In response to questions from advocates who want to preserve old buildings in downtown Aberdeen, the city and its design consultants for the proposed Gateway Center have scheduled an additional meeting to involve the public and discuss whether the brick Selmer’s building can be incorporated into the project.
The meeting is Jan. 5 from 5:30 p.m.-7:30 p.m. at the Rotary Log Pavilion.
The uninhabited red brick structure at Wishkah and F streets is on the property where the center eventually would be constructed. Experts involved with planning of the center will answer questions people have about the Selmer’s building facades potentially being used in the center’s design.
“There have been a number of recent questions emerging again about this idea and we want the community to have an opportunity to ask those questions directly from the planning, design and engineering teams,” said Aberdeen Mayor Erik Larson in a press release announcing the extra meeting.
The Gateway Center has been estimated to cost about $8 million without the addition of Selmer’s facades into a new building. Doing this was considered early on during project planning but cost to incorporate it into the center’s design became prohibitive, Larson said.
A new structural engineering study by Quantum Consulting on the brick facades of Selmer’s is occurring. It might be ready in time for the Jan. 5 meeting, Larson said. The Selmer’s facade was included in a feasibility study conducted at the beginning of this year and salvage of two walls was estimated then to cost between $1 million and $2 million.
“Adding that much extra cost would make the project more complicated,” Larson said. “And it will become more difficult to make happen.”
The center would provide Grays Harbor County with visitors and tourism facilities, a centralized location for the county’s various enterprise and economic development organizations, and some retail and meeting spaces within a 20,000-square-foot structure. Officials from the cities of Aberdeen and Hoquiam and Greater Grays Harbor Inc., are hoping the Washington State Legislature will be a major contributor to the project’s construction.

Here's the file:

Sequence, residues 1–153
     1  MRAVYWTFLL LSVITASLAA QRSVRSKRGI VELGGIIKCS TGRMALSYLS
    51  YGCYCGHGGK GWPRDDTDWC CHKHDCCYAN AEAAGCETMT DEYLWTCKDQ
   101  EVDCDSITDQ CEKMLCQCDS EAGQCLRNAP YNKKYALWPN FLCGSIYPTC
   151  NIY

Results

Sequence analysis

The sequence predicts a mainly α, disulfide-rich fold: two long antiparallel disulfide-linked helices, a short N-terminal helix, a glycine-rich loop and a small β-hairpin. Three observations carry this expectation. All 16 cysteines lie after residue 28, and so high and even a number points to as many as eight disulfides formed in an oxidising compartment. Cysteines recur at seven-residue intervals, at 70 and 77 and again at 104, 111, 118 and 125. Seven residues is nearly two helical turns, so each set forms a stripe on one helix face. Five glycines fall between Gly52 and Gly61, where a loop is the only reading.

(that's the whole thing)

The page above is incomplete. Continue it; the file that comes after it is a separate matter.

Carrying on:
Obtaining money from the state, grants and other sources to avoid using a significant amount of local taxpayer money continues to be important to proponents of the center project.
Renewed discussion about the Selmer’s building is based on an online petition asking Larson and Coates Design Architects to further consider the old building in the design of the center. This petition has received 183 signatures since it was created earlier this month.
Organizers of the petition effort were dismayed after seeing renditions made public this month that had no design elements from Selmer’s.
“Most people didn’t realize they were going to demolish it,” said Aria Alexandra, one of the people who organized the petition drive. “We’d like a chance to raise that additional construction money, if necessary.”
Alexandra said the petitioners are ready to present their ideas for the center to the Aberdeen City Council on Wednesday. They have renditions incorporating Selmer’s facades into the center.
Local historian Roy Vataja, who along with Alexandra and Doug Orr authored the petition, said Selmer’s was built in 1924, the same year as the Morck Hotel, and is unique with its big windows and bright, distinctive bricks.
“We should try to save as much of the building as possible,” Vataja said. “There’s no other building here like it.”
People who participated in the November survey about the center put strong emphasis on construction quality and budget control before citing specific structural aesthetics, such as “inviting,” “friendly,” “natural,” “open” and “warm.”